New links role part of new direction for popular course
~ by Rick Langenberg ~
How do you balance gigs as a computer nerd, IT specialist and mini-loan advisor with a lifelong love for the links?
And in the process, how do you trade W-2 and personal income analysis’ for sinking birdie putts and fixing God-awful golf swings.
That’s the dilemma Matthew Misel faced, who finally opted to take the big gamble after years of corporate America by heading to Arizona to attend and become a graduate of one of their top-rate Golf Academy America schools. This helped pave the way for a career in the golf industry.
As a result, he has become the first on-site certified golf pro, featured at Woodland Park’s Shining Mountain Golf Course and Event Center, in many years. “I am living the dream,” admitted Misel, in a recent interview with TMJ News. With his new job, he also got a chance to return to the Pikes Peak area and to play and teach at the golf course closest to America’s greatest mountain. “This was really like a homecoming for me,” he added.
Besides working as a golf pro for Shining Mountain, Misel helps run tournaments and man the pro shop.
He admitted golf was in his DNA from a young teenager. He also classifies himself as a certified computer nerd, and worked with such companies as AT&T and T – Mobile, and even did employment stints with Wells Fargo as a home equity processor.
“I always dreamed about playing golf when I was working at my day jobs,” said Misel
He quipped that he is a computer nerd transformed into a golf junkie
Misel got his first chance to work at a golf course, at Pine Creek in Colorado Springs, where he first met Jeff Esterline, the current general manager of Shining Mountain. Esterline encouraged him to follow his passion and take a stint at the Golf Academy.
He finally took the Shining Mountain GM’s advice, following an unusual golf outing in which he found a ball that symbolically directed him to Arizona.
“I didn’t really have a career,” said Misel, who also admitted a case of burn-out with the corporate world. “I felt this would give me a good opportunity.”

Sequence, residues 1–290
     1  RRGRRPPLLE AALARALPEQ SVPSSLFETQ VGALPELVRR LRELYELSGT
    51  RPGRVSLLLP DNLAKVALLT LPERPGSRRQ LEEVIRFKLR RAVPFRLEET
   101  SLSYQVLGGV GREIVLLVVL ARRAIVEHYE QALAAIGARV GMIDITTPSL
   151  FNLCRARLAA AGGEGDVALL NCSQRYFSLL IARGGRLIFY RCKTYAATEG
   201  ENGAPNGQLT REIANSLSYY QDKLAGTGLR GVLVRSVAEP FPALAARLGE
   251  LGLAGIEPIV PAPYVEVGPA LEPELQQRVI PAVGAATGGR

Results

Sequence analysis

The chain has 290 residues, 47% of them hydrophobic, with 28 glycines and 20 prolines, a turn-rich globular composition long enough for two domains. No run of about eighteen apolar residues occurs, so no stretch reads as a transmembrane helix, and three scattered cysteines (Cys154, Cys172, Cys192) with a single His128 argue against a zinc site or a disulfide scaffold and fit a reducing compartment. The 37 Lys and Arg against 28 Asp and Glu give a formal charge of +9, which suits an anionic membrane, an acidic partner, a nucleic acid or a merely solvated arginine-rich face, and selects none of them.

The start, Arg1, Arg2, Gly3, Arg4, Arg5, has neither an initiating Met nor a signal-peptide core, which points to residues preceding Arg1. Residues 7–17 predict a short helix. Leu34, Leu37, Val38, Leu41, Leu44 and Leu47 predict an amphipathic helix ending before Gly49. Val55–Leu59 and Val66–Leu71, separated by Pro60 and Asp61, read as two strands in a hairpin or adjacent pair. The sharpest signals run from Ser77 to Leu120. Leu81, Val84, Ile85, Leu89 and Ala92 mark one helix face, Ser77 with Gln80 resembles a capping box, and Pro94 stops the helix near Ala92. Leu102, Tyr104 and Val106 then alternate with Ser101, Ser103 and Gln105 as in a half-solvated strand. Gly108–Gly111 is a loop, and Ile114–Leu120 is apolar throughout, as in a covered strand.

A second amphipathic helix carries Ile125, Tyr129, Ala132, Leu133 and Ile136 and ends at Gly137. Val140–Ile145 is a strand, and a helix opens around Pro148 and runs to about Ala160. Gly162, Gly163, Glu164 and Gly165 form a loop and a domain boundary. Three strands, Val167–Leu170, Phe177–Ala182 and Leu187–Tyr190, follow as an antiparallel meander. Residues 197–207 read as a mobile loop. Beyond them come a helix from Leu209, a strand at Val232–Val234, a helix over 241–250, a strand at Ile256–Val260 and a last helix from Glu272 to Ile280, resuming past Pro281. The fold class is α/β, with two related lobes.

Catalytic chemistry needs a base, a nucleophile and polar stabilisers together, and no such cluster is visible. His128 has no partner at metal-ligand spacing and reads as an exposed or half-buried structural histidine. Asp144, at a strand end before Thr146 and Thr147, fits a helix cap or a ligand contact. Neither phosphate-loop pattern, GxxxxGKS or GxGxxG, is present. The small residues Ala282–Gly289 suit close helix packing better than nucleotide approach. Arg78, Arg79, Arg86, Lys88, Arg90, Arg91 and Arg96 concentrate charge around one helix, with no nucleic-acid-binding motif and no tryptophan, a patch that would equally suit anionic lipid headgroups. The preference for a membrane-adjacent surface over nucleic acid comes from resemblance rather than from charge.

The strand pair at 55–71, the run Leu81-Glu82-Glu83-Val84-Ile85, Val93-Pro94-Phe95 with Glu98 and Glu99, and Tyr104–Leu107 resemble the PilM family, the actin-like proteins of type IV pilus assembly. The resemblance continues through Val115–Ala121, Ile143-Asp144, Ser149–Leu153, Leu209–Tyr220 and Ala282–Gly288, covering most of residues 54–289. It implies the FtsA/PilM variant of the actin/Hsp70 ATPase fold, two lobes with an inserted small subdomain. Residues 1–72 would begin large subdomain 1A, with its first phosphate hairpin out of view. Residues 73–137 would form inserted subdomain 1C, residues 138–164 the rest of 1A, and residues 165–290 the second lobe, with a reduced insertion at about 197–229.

Misel, who lives in Colorado Springs, where he spent much time as a teen, hasn’t regretted his decision. He also works part-time at an Apple computer store.
His new position at Shining Mountain has given the course an extra ace card it rarely displayed in the past. Shining Mountain often had golf teaching consultants, but didn’t really feature an on-site PGA certified professional.
“We really feel we have taken Shining Mountain to the next level as a golf course environment,” said Misel.
Misel offers private and group lessons, along with playing lessons. Recently, a junior camp, which he helped orchestrate, was a big hit, with the course’s chipping and practice facilities jammed with youngsters. Misel, also is a familiar face in the pro shop, and even likes working with students from the high school golf team. He predicts the WP Panther linksters are going to repeat as league champs again.
Golf by Misel
As for his teaching philosophy, the Shining Mountain pro says, “I try to keep it simple. I work with what you have. Everyone has a unique swing. There is no such thing as a perfect swing. I say, ‘swing your swing. I don’t want players to think too much (on the course).”
Golf is an odd game with booming changes. In recent years, pro tour players, courtesy of new equipment and balls, now hit 350-plus-yard drives; boast of record-breaking swing speeds to the extent that some old-time greats, including the likes of Lee Trevino and Jack Nicklaus, are demanding a time to put on the brakes. In fact, some insiders attribute the injuries experienced by Tiger Woods and other top players to the modern technology and the nuances of today’s swing.
But for amateurs and weekend hackers, few strives have occurred in the quest for lower golf scores, even with better equipment.
“It is an awkward s(swing) motion,” admitted Misel, who discourages prospective players from trying to discover a quick fix.
He highly encourages regular players to get fitted for clubs and for the type of balls they should use. “That really makes a big difference,” said the Shining Mountain pro. In addition, Misel is a stickler about having a good grip and following basic fundamentals.
His main area of forte, though, is the short game, a part of the sport he loves because of the artistry involved. “I just love the creativity of this part of the game,” said Misel. He is a big fan of Phil Mickelson, the popular lefty star, who is especially known for his magic touch around the greens. The familiar televised shot of Michelson hitting a short loft chip over the head of a person, four feet from him, is a classic image.
MIsel can’t make any guarantees of mimicking the” amazing Phil,” but he promises that work on a golfer’s short game is a sure way to improvement and lowering your golf score.
As for future plans, he says Shining Mountain is wide open for suggestions regarding future lesson and playing opportunities. “The great thing about golf is that it is a lifelong game. We are willing to do anything here from having date and couple nights, to single nights,” explained the Shining Mountain pro.
As for future success in taming the Shining Mountain links, Misel has a few solid words of advice: “Hit it where we mow the grass.”
For more information about lessons with Matthew Misel at Shining Mountain, call 719-687-7587.